An Example of Guts and Determination

I have written a few different posts about unpaid internships. Thankfully companies are starting to convert their unpaid internship programs to paid positions due to legal pressure. Individual lawsuits and government action at the state and federal levels have shed light on how widespread unpaid internships had become. In the media industry unpaid internships were/are especially common. As a result media companies like Hearst Magazines, Fox Searchlight, Gawker, Condé Nast, and Warner Music have all been subject to lawsuits claiming violations of the Fair Labor Standards Act.

Combating illegal unpaid internships had been difficult because potential plaintiffs were hesitant to come forward and sue the company that had given them the internship. Internships are now the main path of entry into a number of industries and some potential plaintiffs felt, probably with good reason, that filing a lawsuit over an illegal internship would affect their ability to get a job in the future.

It takes a brave person to stand up to a big company in a glamourous industry and say “enough!” Kimberley Behzadi was brave enough to be that person.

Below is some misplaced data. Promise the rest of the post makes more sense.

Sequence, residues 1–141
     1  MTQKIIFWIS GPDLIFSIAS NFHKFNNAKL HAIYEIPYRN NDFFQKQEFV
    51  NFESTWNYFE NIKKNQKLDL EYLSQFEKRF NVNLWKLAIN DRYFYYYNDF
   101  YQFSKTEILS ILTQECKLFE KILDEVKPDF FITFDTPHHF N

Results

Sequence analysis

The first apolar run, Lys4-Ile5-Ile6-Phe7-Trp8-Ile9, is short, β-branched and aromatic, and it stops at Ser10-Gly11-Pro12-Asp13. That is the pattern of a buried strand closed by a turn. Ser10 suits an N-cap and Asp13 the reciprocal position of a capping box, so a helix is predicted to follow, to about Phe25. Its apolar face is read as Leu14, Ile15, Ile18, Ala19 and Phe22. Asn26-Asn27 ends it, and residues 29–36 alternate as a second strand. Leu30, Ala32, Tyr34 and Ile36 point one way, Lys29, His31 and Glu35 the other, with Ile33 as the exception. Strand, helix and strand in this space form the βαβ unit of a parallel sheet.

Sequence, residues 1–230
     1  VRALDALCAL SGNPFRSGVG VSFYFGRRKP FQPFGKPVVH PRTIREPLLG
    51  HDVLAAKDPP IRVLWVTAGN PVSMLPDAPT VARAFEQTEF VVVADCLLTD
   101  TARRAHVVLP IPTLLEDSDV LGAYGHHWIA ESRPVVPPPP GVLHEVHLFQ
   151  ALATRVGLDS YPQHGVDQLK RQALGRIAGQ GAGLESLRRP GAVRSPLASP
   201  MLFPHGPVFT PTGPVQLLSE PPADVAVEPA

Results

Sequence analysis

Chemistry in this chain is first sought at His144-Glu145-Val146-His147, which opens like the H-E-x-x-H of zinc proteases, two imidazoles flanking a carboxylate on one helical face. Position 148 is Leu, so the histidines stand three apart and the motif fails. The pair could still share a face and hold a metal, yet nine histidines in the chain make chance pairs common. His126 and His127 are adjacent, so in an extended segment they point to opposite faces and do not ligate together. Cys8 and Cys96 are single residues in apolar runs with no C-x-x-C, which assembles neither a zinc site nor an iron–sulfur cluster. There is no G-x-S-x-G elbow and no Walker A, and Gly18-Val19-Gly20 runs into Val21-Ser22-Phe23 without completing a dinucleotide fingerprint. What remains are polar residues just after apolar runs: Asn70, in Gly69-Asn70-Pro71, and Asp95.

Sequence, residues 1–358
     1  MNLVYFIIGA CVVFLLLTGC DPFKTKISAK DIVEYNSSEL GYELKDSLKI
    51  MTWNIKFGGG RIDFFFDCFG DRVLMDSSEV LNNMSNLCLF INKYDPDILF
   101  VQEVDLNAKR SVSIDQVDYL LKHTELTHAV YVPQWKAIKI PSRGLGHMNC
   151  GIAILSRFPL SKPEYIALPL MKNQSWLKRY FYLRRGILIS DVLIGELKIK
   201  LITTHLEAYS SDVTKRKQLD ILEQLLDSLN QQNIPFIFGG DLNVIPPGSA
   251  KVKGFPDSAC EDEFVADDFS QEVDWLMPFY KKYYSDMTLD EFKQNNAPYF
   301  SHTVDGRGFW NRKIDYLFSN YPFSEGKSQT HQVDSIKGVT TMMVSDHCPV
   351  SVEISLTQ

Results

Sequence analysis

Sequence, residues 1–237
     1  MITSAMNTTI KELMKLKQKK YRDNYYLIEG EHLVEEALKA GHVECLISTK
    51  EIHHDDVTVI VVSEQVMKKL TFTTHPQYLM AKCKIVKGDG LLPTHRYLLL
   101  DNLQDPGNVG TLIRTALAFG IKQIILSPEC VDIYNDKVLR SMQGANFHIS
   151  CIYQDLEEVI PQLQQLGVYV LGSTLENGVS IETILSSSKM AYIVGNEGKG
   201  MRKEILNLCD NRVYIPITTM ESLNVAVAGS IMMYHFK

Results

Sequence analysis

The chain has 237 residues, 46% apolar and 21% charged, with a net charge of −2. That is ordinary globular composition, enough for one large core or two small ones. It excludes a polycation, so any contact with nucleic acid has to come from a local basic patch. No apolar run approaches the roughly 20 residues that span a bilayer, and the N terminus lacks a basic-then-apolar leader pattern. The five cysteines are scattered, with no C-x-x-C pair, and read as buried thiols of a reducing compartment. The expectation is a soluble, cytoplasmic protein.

Ms. Behzadi got an internship with ICM partners, a huge literary and talent agency. Over a five month period Ms. Behzadi worked long hours for no pay. Ms. Behzadi realized that making a stink about the lack of pay would imperil her chances of getting a job in the industry after graduation.

“Unpaid internships are almost an acceptable thing in the industry — there were 100 other people who wanted my internship. If I voiced grievances about not getting paid, I would have been bumped out and that would leave me nowhere, with little chance of finding work in the industry.”

Like most unpaid internships, Ms. Behzadi spent most of her time doing work that benefited the her employer. For example she would read and summarize scripts, answer phones, do expense accounts for agents and maintain the weekly calendar of comedy events to help the agency scout up-and-coming comedians. ICM said in legal filings that it ran an “educational internship program” but I don’t know what Ms. Behzadi learned other than simple administrative skills.

Even though these internships teach few actual skills, they are still in high demand. ICM said its “academic internships” were coveted, with more than 300 people applying a year and only 10 to 15 percent of applicants being given internships. Kids realize that these unpaid internships are becoming almost the only way to break into many industries.

Without people like Ms. Behzadi willing to put it on the line we all would be a little bit worse off. In the US individuals can make a big difference in all of our lives by bringing the right lawsuit at the right time.

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